Forms of Catalan are spoken in Andorra, France, and Italy. They are mutually intelligible, but sound odd between native speakers. I would imagine an analogous situation of having a conversation between an English speaking Indian, a Jamaican, a Glasgowegian, and a Texan. And in Spain, Catalan has dialects in Valencia, Mallorca, and Menorca.
Wow, that got a way from me. Thanks for the book recommendation!
[ October 17, 2003: Message edited by: Tim Allen ]
Mapraputa Is
Leverager of our synergies
Sheriff

Joined: Aug 26, 2000
Posts: 10065
TA: You've been reading my homepage!
Couldn't resist.
I liked your "Red Kayak" poem. Actually, I saved it, for it's so much safer on my computer. When reading, I was thinking about this passage from Hofstader's "Metamagical themas":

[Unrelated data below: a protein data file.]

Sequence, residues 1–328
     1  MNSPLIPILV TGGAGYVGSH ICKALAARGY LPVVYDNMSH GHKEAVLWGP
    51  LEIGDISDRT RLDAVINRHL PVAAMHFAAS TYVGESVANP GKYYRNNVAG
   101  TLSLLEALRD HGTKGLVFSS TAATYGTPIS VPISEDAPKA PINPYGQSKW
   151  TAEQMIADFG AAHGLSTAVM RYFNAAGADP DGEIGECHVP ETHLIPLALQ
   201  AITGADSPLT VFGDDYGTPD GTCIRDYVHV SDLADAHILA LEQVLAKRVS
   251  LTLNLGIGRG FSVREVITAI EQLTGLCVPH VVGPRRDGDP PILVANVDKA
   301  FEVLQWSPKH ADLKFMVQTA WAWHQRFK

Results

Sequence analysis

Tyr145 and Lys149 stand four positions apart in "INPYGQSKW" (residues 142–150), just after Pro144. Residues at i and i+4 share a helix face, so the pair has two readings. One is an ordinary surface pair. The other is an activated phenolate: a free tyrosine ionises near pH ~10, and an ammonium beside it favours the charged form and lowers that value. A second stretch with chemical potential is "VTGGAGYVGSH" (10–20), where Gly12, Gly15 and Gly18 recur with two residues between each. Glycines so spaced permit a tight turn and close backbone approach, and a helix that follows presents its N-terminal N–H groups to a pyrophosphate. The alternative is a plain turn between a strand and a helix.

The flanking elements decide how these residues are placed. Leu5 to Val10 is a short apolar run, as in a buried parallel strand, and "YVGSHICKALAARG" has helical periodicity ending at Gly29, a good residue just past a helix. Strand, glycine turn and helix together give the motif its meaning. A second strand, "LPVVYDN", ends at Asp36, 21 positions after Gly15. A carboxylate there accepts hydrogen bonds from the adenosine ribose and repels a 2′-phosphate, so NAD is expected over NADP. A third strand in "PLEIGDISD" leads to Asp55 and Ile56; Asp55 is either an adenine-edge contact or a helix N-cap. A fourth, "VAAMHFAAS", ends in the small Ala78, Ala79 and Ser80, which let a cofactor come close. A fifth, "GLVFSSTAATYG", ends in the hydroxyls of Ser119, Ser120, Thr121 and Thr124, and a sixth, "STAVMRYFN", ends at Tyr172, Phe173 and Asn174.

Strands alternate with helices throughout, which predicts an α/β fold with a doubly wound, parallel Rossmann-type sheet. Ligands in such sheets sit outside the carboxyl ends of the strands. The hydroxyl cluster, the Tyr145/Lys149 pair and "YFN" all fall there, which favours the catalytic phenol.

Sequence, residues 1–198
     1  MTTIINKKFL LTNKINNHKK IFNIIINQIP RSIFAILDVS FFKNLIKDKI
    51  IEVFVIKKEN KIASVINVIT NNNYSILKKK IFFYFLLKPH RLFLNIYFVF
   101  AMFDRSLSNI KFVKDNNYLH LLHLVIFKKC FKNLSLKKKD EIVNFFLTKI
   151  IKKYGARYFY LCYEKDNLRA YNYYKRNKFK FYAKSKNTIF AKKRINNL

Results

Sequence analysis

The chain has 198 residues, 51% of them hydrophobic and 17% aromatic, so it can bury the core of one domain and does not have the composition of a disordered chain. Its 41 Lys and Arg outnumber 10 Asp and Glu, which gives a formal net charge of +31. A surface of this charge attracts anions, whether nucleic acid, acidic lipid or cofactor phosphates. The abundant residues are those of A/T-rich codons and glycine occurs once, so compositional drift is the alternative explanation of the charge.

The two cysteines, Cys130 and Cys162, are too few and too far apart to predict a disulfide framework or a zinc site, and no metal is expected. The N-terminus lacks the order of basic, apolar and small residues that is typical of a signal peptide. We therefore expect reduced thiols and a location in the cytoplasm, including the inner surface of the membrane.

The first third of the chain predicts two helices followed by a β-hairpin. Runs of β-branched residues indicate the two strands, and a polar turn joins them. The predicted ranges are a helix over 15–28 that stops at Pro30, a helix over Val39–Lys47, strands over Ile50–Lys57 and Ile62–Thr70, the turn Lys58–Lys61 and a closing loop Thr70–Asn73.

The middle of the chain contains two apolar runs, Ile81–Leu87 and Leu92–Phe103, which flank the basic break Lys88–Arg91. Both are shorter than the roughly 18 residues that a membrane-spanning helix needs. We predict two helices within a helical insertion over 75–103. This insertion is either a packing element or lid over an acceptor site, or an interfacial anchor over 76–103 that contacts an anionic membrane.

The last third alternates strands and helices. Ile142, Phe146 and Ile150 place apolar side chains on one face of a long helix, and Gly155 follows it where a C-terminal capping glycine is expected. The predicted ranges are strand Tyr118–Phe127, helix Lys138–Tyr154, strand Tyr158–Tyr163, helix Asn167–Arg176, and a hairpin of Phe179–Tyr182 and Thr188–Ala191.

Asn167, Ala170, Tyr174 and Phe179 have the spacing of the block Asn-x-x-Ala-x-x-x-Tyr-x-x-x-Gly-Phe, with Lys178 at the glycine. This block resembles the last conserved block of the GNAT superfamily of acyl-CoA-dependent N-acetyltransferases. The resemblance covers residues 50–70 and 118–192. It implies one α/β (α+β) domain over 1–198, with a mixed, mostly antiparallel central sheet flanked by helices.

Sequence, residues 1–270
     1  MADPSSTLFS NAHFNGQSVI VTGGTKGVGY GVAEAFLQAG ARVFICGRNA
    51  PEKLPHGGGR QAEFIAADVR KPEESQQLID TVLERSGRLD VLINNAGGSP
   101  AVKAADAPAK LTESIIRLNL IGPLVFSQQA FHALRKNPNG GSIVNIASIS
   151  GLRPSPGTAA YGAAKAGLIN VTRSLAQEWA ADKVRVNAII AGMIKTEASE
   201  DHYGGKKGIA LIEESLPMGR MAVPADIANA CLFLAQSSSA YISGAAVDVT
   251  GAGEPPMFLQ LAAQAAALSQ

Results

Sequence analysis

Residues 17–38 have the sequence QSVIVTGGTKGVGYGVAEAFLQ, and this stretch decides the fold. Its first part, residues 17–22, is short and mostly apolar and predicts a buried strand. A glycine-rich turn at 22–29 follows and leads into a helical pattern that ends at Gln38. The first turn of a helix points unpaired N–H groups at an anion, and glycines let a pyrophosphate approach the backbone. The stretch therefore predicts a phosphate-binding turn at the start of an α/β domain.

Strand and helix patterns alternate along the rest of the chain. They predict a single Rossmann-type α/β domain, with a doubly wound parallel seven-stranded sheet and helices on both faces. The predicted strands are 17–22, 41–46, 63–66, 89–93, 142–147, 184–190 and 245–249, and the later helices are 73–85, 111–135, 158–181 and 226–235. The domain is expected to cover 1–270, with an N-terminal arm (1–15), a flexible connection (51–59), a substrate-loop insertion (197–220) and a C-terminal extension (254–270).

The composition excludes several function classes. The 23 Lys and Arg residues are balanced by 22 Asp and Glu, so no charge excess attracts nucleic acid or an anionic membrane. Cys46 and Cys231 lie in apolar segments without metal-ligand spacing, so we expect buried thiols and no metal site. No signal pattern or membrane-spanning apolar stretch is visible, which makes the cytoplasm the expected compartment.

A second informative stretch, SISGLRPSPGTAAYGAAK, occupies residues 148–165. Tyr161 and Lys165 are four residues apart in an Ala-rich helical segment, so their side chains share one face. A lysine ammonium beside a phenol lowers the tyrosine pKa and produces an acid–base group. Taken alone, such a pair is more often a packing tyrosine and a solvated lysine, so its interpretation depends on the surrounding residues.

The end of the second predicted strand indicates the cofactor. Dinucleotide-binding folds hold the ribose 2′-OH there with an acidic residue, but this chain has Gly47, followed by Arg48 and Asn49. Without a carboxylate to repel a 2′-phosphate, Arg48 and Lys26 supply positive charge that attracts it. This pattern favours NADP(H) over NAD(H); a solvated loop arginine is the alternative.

... French people tend to translate them into their own frame of reference. This is of course true for all of us. If Mary tells Ann, "My brother died", and if Ann doesn't know Mary's brother, then how can she understand this statement? Surely projection is of the essence: Ann will imagine her own brother dying (if she has one -- and if not, then her sister, a good friend, possibly even a pet!). This alternate frame f reference allows Ann to empathize with Mary.

I do not have any similar experience with my father, neither do I have any unsimilar experience. But when I was already adult, I had a short kayak trip and it was one of the best moments in my life. This was enough to feel affinity with your poem.
Now we need ME to move this thread back to MD.
[ October 18, 2003: Message edited by: Mapraputa Is ]